Scavengers: A new breed of FPS
Josh holmes resurfaces after leaving halo behind and establishing a brand new studio, midwinter games format: PC | Publisher: Improbable | developer: Midwinter games | release: TBC | Players: TBC
You left 343 Industries back in 2016; what’s been going on, Josh? I’ve been pretty stealth for the last year, haven’t I? I’ve been hunkered down in a little group…
Midwinter Games established in late 2016! How has it been?
There were four of us – three of us came from the Halo team at 343. Throughout the course of 2017 we have been working on the concept for Scavengers and building the team out; now we are about 17 people and I hope we can peak it out around 25. We are trying to build a small tight-knit group of developers that are all passionate about the game that we are building.
Talk to us about Scavengers… what’s the deal?
Okay, so Scavengers is a multiplayer, sessionbased game in which players compete to explore, loot, level up and escape a frozen, winterised world. It’s set in the not-so-distant future where a cataclysmic event has plunged the world into a new ice age.
What are we talking genre-wise, a shooter? The core mechanic of the game has a basis in shooting, yes. You know, a lot of us come from a background in the triple-a action-shooter world, where we have worked on things like Halo, Battlefield, Battlefront and Call Of Duty. We are trying to build an experience that brings together elements of PVE and PVP where teamwork and collaboration is really key – where killing other players isn’t the only way to win a game.
How important has working with Improbable and its Spatialos technology been for Scavengers?
We are trying to build this really large, vibrant, living world; it has many players, and AI entities are certainly a part of it too. One of the biggest challenges with this is scale: how do we deliver this level of scale while still maintaining that fast-paced, lowlatency shooter experience? Spatialos was an awesome solution for us.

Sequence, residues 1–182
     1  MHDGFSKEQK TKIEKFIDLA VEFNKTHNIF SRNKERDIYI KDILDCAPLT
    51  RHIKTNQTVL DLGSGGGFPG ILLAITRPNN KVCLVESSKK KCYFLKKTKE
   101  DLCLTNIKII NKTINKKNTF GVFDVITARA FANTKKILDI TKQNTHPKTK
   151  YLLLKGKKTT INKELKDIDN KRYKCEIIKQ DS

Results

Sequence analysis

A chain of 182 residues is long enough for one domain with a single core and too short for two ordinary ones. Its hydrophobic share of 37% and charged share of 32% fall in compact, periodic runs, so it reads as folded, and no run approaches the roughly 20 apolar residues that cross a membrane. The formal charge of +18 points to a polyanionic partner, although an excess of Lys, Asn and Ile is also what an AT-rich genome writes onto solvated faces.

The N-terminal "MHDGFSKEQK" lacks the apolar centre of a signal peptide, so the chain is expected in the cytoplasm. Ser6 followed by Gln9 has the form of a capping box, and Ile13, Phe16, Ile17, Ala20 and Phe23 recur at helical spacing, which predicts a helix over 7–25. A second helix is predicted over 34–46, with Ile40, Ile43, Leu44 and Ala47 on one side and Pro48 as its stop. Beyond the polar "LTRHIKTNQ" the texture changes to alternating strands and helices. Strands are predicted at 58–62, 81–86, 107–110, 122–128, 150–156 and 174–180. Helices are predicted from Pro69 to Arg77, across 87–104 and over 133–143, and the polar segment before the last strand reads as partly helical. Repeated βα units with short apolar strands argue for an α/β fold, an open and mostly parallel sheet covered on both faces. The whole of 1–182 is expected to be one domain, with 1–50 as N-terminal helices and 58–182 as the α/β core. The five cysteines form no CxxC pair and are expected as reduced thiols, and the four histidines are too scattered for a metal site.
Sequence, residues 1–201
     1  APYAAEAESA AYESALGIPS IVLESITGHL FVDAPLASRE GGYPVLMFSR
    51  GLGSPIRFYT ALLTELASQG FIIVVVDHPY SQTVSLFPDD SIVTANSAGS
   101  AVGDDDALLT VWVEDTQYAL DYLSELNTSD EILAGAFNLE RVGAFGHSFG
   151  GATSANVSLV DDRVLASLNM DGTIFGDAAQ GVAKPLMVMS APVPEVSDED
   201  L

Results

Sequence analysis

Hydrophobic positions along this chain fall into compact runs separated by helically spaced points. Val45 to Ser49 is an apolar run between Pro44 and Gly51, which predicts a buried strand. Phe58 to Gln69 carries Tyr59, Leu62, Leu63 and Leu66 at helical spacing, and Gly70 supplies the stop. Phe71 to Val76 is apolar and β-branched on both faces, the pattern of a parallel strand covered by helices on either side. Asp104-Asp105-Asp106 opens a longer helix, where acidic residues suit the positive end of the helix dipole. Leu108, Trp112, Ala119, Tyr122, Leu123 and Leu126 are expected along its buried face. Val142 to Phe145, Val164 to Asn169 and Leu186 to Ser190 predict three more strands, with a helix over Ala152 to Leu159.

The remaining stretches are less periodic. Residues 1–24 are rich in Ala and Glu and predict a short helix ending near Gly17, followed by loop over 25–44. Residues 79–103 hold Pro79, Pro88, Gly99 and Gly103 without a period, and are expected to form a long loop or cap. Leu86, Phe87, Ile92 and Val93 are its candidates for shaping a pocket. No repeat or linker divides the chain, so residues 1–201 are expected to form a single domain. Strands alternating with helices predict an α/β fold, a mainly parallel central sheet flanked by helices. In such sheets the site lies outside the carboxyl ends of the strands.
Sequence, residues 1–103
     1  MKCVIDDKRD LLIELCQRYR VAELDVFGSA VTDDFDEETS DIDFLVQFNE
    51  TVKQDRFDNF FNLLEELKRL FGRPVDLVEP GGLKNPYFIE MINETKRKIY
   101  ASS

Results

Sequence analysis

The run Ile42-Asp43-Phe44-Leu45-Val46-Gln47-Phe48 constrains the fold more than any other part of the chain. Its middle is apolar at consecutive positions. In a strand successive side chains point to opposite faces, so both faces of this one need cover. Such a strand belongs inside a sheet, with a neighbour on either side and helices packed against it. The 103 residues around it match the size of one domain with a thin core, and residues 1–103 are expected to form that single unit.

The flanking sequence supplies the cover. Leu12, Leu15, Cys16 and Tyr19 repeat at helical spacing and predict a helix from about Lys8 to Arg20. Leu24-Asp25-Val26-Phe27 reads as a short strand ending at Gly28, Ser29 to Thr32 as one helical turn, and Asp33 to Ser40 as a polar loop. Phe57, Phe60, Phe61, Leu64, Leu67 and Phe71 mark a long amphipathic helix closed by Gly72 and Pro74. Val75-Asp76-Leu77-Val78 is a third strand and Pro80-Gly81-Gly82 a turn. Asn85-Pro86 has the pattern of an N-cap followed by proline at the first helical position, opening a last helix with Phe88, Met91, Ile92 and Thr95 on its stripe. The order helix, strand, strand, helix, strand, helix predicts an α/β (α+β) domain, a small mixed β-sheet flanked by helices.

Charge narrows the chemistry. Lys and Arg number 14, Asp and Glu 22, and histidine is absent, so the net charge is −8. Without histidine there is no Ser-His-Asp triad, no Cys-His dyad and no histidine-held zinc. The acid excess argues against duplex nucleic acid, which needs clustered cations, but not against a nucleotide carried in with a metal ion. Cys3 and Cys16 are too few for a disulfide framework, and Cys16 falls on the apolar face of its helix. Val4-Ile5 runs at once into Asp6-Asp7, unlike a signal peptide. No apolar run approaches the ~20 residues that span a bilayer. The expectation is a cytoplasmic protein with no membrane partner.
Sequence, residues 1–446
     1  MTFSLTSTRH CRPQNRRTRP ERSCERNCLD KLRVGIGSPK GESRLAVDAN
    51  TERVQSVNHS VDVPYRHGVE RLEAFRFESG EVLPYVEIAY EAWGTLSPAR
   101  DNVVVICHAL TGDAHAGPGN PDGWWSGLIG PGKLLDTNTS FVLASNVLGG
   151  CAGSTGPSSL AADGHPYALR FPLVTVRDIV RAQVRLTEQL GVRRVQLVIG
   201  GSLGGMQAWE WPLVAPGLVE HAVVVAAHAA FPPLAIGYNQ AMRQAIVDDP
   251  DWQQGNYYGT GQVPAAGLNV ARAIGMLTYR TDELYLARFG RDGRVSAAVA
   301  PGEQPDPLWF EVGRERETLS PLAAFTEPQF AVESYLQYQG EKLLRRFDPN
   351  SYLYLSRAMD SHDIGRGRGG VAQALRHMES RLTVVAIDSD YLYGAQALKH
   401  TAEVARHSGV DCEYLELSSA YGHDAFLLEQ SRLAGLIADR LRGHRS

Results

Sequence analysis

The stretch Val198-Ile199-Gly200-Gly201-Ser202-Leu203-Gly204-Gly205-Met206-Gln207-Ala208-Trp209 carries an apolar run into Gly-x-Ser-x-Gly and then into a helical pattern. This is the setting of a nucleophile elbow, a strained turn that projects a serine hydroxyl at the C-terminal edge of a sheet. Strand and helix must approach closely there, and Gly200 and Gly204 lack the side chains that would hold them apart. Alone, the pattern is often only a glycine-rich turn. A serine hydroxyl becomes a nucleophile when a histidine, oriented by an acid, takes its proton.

What’s the biggest challenge you’ve encountered in attempting to realise this ambitious project?
We quickly run up against the limitations of what you can simulate on a single-server instance. This is something that we dealt with very intimately on Halo 5’s Warzone mode. We were constantly having to balance the maximum number of players, the maximum number of AIS and how sophisticated their behaviours can be, for example. As we started thinking about Scavengers, we knew this would be something we would have to address and find a solution for very early on… as a small team, having the ability to leverage something like Spatialos to solve those problems is a huge boon to us.
How have you found the leap from triple-a to smaller scale development?
They both have their strengths and advantages. When you are working on a massive-scale project, I think the things that you can accomplish as a team are pretty incredible – but everybody can get very compartmentalised and there’s almost like a factory assembly-line method to the production. That’s just a necessary way to operate when you have that many people, so that it doesn’t devolve into chaos.
For us, as a small team, it’s much more like a band jamming. We are building on inspiration from one another and it’s like we are discovering the game as we go. It’s a little more organic and, as a small team, you can be more nimble to react to some of the ideas and thoughts that emerge through that process.
Above: as executive producer of halo waypoint and Halo: Reach, as well as creative director for Halo 4, holmes played a massive role in the migration of halo from bungie to 343 industries from 2009 to 2016.
if you played halo’s warzone mode then you may have some idea of the direction Scavengers is going, but this is playing out on a much bigger and bolder scale.